A couple of days ago, one of my students asked me if I was going to stay up that night to see Mars. It was news to me that Mars was doing anything special, but I didn’t ask him to clarify. I just explained that no, I was not going to stay up late to see anything. I was going to get some sleep, because “I am a much nicer person when I’ve had a decent amount of sleep. Trust me, you want me to get some sleep.” Another student asked me if that’s why I’ve been so nice to them lately.
I didn’t respond, but he’s right. I have been. Not because I’ve had more sleep though. In the last four weeks, I’ve tried being strict, and when they don’t do what I want, I’ve gotten frustrated. Sometimes this causes me to lash out, which is what the students perceive as being “mean”. Although let’s be honest – most of the time, it’s the fact that I’m making them do work instead of letting them spend the whole class period goofing off and talking to their friends that makes me “mean”. At any rate, being strict and “mean” hasn’t helped. They didn’t get any work done. They spent their time arguing with me instead of working. Ultimately my goal is for them to get their work done, so I’m trying something different.
This week, I’ve been patient and I’ve laughed when they’re funny and I’ve let them work together and I’ve let them listen to music while they’re working (magic bullet, right there) and I’ve asked them how they want to do things (should I write this on the board or do you guys want to write?) and I’ve listened to their suggestions and I’ve sent home positive emails to their parents. And they’ve gotten their work done.
Now, it’s not 100% of the students, and it’s not quite as much work as my ideal, but it’s happening. They’re getting it done. They’re getting more done than they did when I got frustrated and stressed, and I’m enjoying the class more. Some of them work really well together, and some of them just want to ignore everything going on around them and focus on getting it done. We spend lots of time just practicing, which gives them lots of chances to ask for help when they don’t understand. (It also apparently gives them lots of chances to complain that I’m ignoring them, because even in this amazingly small class of 13, I still can’t be everywhere at once.) They practice, I check their answers, they correct what was wrong, they practice some more, and they take a quiz (SBG style) every Friday.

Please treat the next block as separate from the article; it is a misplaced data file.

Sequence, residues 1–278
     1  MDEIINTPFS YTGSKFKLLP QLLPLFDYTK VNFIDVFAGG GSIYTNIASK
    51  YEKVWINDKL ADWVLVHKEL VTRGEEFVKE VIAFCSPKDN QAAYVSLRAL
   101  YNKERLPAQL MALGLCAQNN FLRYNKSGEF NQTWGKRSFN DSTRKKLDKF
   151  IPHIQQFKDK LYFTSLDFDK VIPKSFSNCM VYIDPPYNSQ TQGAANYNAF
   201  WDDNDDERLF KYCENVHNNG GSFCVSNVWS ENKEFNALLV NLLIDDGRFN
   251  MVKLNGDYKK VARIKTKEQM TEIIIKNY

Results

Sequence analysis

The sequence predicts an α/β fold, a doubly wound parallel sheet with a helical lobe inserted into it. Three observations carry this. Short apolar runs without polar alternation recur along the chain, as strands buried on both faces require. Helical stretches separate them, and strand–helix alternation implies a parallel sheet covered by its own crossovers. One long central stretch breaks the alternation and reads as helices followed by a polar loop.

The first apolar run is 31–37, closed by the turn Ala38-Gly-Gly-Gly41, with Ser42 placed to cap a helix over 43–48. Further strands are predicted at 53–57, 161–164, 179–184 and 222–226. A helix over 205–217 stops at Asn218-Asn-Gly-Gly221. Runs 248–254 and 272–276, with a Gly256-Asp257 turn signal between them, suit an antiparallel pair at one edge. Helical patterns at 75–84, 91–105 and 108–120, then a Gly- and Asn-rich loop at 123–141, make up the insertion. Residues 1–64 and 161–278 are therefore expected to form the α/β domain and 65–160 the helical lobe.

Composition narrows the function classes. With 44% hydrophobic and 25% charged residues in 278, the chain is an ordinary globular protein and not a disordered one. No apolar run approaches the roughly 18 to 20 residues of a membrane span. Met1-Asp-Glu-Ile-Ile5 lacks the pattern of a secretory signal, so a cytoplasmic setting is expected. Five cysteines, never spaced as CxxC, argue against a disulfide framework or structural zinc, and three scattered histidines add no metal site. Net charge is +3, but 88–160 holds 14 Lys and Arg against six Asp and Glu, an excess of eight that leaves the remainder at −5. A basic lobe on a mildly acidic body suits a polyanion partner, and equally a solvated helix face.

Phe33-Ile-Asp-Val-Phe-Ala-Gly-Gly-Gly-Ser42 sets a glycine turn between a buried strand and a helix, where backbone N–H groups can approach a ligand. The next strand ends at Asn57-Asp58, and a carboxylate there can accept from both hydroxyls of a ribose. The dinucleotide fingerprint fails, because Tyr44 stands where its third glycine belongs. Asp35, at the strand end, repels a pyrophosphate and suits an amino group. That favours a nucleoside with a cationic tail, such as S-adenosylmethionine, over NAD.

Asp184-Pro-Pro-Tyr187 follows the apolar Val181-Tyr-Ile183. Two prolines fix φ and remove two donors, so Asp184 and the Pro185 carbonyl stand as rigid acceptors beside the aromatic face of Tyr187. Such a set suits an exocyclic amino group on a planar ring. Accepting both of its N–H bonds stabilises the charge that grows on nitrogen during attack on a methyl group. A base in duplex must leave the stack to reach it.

When I talk to them one-on-one, it becomes clear that they’re learning. They’re not sitting quietly in little rows with their hands folded neatly and taking perfect notes and magically understanding everything the first time we go over it, but they’re learning.
What’s more important – that my classroom looks like the poster child of the model classroom, with students silently working and also smiling all the time, or that they’re learning? I WANT my answer to always be, without hesitation, “learning”.